It starts with Amin finally telling his story to his filmmaker friend, the documentary’s director, under the condition that his name and the places mentioned are changed to conceal his identity. This led to the choice of telling this story through animation, with some mix of archival footage. Rasmussen and Amin knew each other when they were teens, the former aware that his friend was a refugee but not really knowing how he got to Denmark. This is Amin’s story.
Amin takes us on a journey, starting with Soviet-influenced Afghanistan in the 80s accompanied by the music of the era. With the war raging on and his father missing, Amin, his mother, and his siblings relocate to escape conscription in the army and violence from the Mujahideen. He stays in Russia for a few years in a limbo, waiting to be smuggled to Sweden to his estranged older brother before ultimately landing in Denmark. Today, Amin is in a loving relationship with his long-time boyfriend Kasper, and is a renowned academic with an offer from Princeton. He credits his success to his struggles as a refugee, something he believes made him strive and work hard.
This experience also affected how Amin functions in his relationships and who he became. His identity as a gay man from Afghanistan is the very core of the story. From the beginning, he positions himself as someone who is carefree; the film opens with a story of him in Kabul as a child, roaming the streets in his older sister’s nightgown jamming to a-Ha’s “Take on Me.” The film also tackles the idea of home, with his constant moving and, sometimes, running away. Amin never knew what home was until he met Kasper. Previously, he had to lie about his identity to survive and guarded his secret for a long time. With an impending marriage, he knew he had to tell his story, finally letting out a truth that not even his fiancé knew.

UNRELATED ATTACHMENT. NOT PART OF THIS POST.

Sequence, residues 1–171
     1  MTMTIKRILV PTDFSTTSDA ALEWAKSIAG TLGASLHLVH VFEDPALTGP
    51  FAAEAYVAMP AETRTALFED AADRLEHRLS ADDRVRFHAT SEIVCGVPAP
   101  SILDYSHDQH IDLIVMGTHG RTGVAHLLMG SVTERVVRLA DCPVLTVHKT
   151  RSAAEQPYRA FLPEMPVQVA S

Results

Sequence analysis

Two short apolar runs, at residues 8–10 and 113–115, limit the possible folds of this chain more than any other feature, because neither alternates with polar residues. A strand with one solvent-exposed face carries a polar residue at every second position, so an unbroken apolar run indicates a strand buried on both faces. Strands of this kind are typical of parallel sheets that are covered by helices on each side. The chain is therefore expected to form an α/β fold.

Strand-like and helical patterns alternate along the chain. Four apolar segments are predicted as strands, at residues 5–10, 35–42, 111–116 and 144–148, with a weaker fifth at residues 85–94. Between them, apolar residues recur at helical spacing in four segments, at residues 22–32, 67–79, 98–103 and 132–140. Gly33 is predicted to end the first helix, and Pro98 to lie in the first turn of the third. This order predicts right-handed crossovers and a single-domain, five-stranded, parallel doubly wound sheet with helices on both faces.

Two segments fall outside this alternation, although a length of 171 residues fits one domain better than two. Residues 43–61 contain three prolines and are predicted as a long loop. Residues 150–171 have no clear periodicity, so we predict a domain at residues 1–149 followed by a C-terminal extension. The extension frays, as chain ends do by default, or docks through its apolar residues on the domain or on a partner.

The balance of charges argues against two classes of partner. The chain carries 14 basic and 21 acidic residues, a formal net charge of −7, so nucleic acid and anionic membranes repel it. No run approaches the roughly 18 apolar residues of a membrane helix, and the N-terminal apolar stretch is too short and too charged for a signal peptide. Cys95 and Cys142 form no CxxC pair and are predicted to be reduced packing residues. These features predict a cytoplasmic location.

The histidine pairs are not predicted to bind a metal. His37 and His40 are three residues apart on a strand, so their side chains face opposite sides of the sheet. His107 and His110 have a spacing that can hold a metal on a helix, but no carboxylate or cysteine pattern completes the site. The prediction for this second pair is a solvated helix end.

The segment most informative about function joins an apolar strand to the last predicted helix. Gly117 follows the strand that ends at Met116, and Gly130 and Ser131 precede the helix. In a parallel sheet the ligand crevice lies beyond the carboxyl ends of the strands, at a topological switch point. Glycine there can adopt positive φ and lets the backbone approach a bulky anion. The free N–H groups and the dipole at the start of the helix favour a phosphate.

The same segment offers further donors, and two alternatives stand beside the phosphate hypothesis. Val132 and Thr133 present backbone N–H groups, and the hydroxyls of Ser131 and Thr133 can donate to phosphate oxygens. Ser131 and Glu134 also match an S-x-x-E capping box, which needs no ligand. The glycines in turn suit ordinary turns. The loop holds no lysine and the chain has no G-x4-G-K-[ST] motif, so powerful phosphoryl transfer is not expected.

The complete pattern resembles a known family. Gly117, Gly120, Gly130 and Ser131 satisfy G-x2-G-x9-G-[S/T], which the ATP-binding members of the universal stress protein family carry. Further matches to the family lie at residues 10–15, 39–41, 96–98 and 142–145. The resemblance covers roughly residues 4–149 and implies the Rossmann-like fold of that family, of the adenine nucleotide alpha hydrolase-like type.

Flee is a beautifully crafted documentary that is pure and true to heart. Rasmussen is given a powerful story to tell, and with his direction, it was executed well. He conducted his interview with Amin with much care. He interviews him differently than most documentary filmmakers, showing Amin laying down, eyes closed. The animation gave so much freedom to how Amin’s story is told visually, and it was edited masterfully to go along with the archival footage to set the tone of the events.
Absorbing in every turn, Flee also has the recipe for a coming-of-age story. As Amin tackles his attraction to men, one can’t help but connect with him. There were certain parts in the film where young Amin is winked at by the beautiful men he sees on his television screen. One memorable scene for me was when his older brother took him to a gay bar after just coming out. It was one of the lighter moments in the film that got me very emotional; just seeing Amin live his life after so many years of struggle.
This film is not the first to approach this kind of documentary filmmaking, but it does leave a unique imprint and, most importantly, gives freedom to Amin. His hardships, experienced by many, resonated with me and surely many others. This film is a touching retelling of one man’s journey to a true home which he found after years of austerity. Definitely one of my favorites this year.